For the second day in court, a high-ranking Republican legislator defended how the Florida Legislature drew up political maps for Congress. The redistricting trial now underway in a Tallahassee courtroom could wind up reshaping the state’s political landscape if the groups suing the state can prove the current maps violate the law. Attorneys for the Legislature have denied any wrongdoing, but if the court finds the current districts unconstitutional it could force legislators to redraw them. But so far top legislators remain adamant they have done nothing wrong even when confronted with evidence of consultants getting maps ahead of the public. Florida Senate President Don Gaetz spent several hours on the stand Wednesday. Gaetz, a Niceville Republican, was in charge of the Senate committee that oversaw redistricting in 2011 and 2012.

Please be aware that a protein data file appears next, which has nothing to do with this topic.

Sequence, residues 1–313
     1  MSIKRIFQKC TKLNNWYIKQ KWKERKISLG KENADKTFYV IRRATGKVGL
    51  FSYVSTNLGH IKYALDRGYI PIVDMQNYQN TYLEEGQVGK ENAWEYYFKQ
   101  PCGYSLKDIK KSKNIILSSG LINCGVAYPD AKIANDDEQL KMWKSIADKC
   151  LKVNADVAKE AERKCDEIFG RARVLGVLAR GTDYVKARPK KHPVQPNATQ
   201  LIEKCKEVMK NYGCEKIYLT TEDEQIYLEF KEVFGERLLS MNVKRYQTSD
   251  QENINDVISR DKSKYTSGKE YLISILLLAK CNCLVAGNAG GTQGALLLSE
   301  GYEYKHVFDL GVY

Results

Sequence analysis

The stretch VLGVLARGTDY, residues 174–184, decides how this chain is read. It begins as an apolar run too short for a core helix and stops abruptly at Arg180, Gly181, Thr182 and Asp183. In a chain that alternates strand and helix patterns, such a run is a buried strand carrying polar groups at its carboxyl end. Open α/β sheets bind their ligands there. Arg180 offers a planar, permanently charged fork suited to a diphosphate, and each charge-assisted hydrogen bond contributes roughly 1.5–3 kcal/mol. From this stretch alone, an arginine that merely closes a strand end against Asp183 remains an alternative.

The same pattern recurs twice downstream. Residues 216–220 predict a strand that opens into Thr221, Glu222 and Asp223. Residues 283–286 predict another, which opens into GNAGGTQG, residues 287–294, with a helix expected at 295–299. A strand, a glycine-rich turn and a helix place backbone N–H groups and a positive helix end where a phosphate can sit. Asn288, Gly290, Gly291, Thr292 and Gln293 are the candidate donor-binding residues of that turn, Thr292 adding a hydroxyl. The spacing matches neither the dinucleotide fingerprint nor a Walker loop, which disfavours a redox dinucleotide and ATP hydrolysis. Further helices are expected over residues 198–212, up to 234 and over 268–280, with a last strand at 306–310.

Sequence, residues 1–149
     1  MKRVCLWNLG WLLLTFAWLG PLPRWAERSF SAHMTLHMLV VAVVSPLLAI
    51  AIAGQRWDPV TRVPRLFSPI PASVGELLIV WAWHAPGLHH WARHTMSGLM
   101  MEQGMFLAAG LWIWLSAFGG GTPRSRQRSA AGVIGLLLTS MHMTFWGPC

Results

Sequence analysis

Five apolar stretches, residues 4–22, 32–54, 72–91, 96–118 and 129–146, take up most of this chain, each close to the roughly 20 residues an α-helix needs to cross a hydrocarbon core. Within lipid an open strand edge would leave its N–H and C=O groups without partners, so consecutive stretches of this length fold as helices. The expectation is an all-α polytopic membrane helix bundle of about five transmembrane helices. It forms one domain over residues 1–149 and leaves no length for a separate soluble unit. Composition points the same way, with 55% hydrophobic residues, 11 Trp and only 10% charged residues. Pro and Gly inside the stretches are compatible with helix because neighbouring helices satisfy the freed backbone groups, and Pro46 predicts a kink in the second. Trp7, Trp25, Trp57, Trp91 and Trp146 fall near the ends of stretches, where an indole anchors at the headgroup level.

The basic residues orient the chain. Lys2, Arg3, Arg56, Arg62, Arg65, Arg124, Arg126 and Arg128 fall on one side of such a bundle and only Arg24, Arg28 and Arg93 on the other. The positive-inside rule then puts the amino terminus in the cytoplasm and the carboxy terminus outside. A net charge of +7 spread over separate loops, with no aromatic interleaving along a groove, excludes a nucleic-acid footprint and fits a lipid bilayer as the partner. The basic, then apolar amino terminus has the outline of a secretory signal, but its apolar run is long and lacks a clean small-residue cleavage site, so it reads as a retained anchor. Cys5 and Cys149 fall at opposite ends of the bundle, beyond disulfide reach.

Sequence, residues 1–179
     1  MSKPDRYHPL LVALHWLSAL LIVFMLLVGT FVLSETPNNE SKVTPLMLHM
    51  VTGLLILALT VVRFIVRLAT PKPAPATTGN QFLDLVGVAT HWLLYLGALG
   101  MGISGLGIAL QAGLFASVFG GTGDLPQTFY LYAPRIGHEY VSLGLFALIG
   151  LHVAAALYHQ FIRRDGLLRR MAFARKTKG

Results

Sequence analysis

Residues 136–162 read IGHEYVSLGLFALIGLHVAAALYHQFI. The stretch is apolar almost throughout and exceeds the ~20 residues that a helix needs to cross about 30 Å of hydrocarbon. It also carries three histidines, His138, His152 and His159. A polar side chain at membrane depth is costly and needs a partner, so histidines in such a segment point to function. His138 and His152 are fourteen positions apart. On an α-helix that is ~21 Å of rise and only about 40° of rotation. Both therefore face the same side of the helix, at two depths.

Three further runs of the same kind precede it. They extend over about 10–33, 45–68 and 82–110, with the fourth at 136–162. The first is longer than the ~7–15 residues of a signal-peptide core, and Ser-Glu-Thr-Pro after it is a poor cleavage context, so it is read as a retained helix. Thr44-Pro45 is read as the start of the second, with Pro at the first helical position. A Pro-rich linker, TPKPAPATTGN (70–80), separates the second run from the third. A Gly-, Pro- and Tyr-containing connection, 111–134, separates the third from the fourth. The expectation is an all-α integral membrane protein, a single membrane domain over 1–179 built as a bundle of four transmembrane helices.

He was asked about his relationship with GOP consultant Rich Heffley, who was getting paid $10,000 a month by the Republican Party of Florida to help with redistricting. Gaetz said he thought Heffley was getting paid to help with state Senate campaigns. Gaetz said that while he would talk to Heffley he insisted that he did not play a role in redistricting efforts.
But much of the questioning centered on the push by the Senate to increase the number of black voters in a sprawling district that stretches from Jacksonville to Orlando but also bends westward into part of Gainesville.